Dubawnt River North of Boyd Lake - Island in Barlow Lake
Distance 32km [447km]
Portage 0 
Very Fast Water 3 
Rapids 2 
We were on the water paddling into a headwind by 7.30am. We had a short paddle to our first marked rapid. I had been anticipating something challenging as those who have gone before us all wrote about it when they had not mentioned others with big waves, ledges etc. that we had already come through. This rapid was long, over a kilometre of Class 1+/ 2 rapid followed by a further two kilometres of fast shallow water with lots of boulder dodging. We are thinking that possibly we are travelling the route at low water levels. This would explain the difference in the descriptions of rapids, the reefs just below the surface in a number of the lakes and the number of shallow debris rapids.
Despite having to paddle against a headwind it was a beautiful morning with the countryside opening up; each bend we rounded opened yet another vista. By 10am we had entered the lower reaches of Barlow Lake and just as we stopped for a morning snack a large white Arctic wolf appeared on the shore. He was not bothered by us, more curious than anything and over the next 15 minutes he checked us out from various points in the fringing vegetation along the shoreline.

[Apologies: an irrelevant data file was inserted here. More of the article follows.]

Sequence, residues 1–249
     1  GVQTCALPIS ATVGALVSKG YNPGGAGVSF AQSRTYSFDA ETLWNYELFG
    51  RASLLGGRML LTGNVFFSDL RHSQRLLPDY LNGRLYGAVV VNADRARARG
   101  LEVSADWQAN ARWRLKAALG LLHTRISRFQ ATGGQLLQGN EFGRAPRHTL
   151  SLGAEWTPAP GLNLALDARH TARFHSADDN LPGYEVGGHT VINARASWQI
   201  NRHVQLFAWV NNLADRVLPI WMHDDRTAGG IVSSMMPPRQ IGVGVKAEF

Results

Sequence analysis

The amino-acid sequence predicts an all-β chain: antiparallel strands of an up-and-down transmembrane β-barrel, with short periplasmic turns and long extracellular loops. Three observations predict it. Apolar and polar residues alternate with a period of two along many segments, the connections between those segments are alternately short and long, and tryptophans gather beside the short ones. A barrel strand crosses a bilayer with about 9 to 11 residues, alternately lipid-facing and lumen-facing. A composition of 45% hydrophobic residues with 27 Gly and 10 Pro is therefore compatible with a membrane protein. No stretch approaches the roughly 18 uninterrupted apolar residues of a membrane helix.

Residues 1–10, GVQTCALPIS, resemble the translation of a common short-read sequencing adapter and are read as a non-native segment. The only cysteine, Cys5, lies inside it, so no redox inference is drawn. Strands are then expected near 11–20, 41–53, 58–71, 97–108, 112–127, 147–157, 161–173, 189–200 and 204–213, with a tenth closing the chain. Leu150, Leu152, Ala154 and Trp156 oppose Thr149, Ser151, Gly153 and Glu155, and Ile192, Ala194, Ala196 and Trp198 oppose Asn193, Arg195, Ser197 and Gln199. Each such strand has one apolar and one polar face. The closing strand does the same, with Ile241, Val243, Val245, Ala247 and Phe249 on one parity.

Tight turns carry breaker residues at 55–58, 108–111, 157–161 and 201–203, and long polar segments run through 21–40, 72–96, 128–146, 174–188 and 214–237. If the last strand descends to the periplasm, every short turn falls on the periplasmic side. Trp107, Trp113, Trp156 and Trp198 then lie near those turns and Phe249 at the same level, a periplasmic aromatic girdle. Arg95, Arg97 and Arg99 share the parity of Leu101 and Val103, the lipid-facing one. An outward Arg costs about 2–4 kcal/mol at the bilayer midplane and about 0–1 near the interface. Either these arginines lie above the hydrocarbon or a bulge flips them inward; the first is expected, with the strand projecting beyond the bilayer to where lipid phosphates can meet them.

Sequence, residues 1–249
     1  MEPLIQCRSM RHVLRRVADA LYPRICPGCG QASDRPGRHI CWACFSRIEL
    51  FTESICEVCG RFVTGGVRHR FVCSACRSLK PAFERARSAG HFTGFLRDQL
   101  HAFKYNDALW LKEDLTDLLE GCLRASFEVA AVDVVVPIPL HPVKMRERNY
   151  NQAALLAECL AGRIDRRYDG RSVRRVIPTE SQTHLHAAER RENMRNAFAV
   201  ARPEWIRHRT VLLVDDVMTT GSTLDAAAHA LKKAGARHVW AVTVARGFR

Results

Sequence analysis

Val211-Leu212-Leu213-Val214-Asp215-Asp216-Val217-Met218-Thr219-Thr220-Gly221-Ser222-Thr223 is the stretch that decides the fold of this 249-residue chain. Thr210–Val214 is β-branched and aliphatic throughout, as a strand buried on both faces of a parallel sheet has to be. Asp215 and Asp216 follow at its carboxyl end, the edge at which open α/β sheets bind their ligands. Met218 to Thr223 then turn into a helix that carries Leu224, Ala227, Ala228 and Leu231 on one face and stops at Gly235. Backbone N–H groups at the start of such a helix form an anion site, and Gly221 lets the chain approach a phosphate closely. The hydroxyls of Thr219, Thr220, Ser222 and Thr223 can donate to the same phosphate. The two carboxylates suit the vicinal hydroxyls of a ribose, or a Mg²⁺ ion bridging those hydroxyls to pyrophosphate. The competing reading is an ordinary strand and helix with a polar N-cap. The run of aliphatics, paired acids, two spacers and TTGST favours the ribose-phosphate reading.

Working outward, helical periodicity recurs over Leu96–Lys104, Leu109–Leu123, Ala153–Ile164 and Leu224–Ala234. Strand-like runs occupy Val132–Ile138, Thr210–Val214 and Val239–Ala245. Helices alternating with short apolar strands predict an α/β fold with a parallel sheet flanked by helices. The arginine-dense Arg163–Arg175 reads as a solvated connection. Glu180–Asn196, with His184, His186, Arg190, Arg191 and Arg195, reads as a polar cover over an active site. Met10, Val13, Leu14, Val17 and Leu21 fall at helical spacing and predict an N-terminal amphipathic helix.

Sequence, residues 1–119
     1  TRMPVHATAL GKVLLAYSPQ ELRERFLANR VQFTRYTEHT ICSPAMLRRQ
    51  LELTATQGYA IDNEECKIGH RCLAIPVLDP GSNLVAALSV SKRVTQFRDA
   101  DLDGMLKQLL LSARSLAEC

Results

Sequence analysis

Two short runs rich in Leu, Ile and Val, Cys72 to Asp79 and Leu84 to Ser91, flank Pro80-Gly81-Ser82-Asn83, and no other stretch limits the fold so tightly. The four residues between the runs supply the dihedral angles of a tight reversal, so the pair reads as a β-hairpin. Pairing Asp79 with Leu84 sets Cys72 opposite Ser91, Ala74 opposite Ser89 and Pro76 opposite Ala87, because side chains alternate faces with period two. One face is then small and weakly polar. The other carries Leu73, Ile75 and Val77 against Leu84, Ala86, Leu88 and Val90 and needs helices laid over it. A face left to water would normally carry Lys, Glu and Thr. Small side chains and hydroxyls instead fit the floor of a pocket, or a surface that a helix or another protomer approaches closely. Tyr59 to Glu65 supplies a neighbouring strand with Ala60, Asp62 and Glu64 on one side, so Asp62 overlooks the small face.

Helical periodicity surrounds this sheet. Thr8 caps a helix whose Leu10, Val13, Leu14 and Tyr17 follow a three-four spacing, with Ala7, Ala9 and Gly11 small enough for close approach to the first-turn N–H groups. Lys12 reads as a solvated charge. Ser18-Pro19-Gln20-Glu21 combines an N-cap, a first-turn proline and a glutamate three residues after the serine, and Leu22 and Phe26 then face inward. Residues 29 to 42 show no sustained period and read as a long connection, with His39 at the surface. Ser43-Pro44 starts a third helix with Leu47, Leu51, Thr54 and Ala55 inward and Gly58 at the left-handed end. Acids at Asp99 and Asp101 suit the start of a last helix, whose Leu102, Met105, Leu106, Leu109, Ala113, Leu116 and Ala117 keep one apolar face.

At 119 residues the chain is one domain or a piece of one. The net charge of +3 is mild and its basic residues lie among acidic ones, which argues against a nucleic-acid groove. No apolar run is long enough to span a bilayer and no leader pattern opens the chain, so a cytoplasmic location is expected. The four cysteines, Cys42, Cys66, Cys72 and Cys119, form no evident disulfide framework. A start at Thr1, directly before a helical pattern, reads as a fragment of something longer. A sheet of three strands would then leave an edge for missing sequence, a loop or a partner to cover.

Not long after we paddled away from him John noticed a large animal ahead on the edge of the lake. It was a cow moose in beautiful condition; she seemed untroubled by our presence.
The afternoon was a hard pull as the headwind was really cranking up. We pulled into an island to wait for the wind to drop and ended up spending about five hours there dozing in the sunshine and waiting for the wind to moderate. About 5pm we decided to make a run for it and paddle for another couple of hours. The wind did eventually ease up but we still had to deal with a large rolling swell. We made it about half way up Barlow Lake before searching for a suitable camping spot. We rejected the first two islands we checked out and finally settled on the one we are camped on. It has a very ‘bouldery’ shoreline making landing and unloading difficult however the tent is in an open tundra area, like a field of miniature Labrador Tea , very pretty.
Fingers crossed for favourable winds tomorrow. John’s rash was looking better this morning and has improved further tonight. We were surprised to see a pair of bald eagles this far north as the trees are not just getting fewer but also more stunted.
Labrador Tea. A low-growing evergreen shrub with white flowers, of the genus Ledum